Making Sense of Historic Heights Design Guidelines
If you have been considering purchasing, building or even renovating a home in Houston Heights, you need to be aware of the Historic Guidelines that outline what you can and cannot do with your home within the various pockets of the area. Here, you will gain some insight to help you navigate your way through the districts and make heads or tails of their requirements.
Currently, there are 7 mapped Historic Districts within the Heights; they are as follows: Woodland Heights, Houston Heights East, West,and South, Norhill, Freeland and Germantown. Though all of these historic districts require a Certificate of Appropriateness prior to doing any external construction (including repair and renovation), only 3 of these districts actually have defined, written guidelines: Houston Heights East, West and South. At this point, the remaining 4 districts do not have historic guidelines per se but if you follow the established guidelines of Historic Heights E/W/S, you have a good chance of passing. But remember, since there is no guideline, the review will be subjective, that isn't to say the Board will not be cooperative it just doesn't have a set of guidelines to go by for those specific districts.
For the most part, internal renovations do not require a Certificate of Appropriateness (COA), an exception could be if you encounter shiplap in your home. Shiplap cannot be removed from the home; however, it can be covered with sheetrock. And windows are considered external construction and do require the approval of the Houston Archaeological and Historical Commission (HAHC). If you are unsure if a renovation you're considering requires approval, contact the Historic Preservation Office before beginning any work.
Before submitting a request for a COA, it is important that you refer to any available deed restrictions to be sure your build or revisions comply, then, where applicable, refer to the written guidelines for your area. If there are no guidelines, let the deed restrictions be your guide.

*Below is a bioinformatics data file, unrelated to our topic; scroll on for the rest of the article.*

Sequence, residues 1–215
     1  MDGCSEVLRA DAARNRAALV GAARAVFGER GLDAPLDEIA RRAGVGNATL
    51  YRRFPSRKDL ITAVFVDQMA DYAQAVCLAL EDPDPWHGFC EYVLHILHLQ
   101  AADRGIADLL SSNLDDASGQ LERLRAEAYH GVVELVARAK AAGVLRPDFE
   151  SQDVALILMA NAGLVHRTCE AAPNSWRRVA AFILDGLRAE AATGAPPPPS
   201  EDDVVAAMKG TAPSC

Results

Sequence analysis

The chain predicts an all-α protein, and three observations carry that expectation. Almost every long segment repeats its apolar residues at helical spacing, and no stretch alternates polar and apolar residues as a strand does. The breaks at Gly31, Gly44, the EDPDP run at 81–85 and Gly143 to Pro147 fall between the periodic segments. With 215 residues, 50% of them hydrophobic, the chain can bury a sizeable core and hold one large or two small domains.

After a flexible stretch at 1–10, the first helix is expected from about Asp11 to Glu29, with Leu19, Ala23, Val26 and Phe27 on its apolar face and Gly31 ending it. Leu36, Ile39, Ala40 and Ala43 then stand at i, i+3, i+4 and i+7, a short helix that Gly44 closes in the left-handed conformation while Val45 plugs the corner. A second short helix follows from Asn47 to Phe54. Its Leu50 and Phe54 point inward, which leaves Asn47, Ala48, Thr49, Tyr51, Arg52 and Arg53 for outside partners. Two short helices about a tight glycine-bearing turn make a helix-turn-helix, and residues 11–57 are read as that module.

Norhill has a neighborhood association so their deed restrictions are fairly explicit and organized. Germantown and Freeland do not seem to have written deed restrictions, so, here is where it might be most ambiguous. My suggestion would be that if you are in Germantown, refer to the Woodland Heights Deed restrictions and if in Freeland, refer to the Historic Heights Guidelines for reference.
As a Houston Realtor serving this community, I have to keep up on these issues. That makes me a good resource as well; so feel free to contact me and l can help you determine if your desired changes will be faced with resistance. Do not go by what others have done in the past - the guidelines are not static. They do get revised.
Note, not every structure in the historic district is a contributing structure. If you want to know if a home is considered contributing, you want to go to the inventory within your district and check.
Deed Restrictions and Historic Guidelines:
North Norhill Deed Restrictions
East Norhill Deed Restrictions
Woodland Heights Deed Restrictions
Historic Heights Design Guidelines (East/West/South)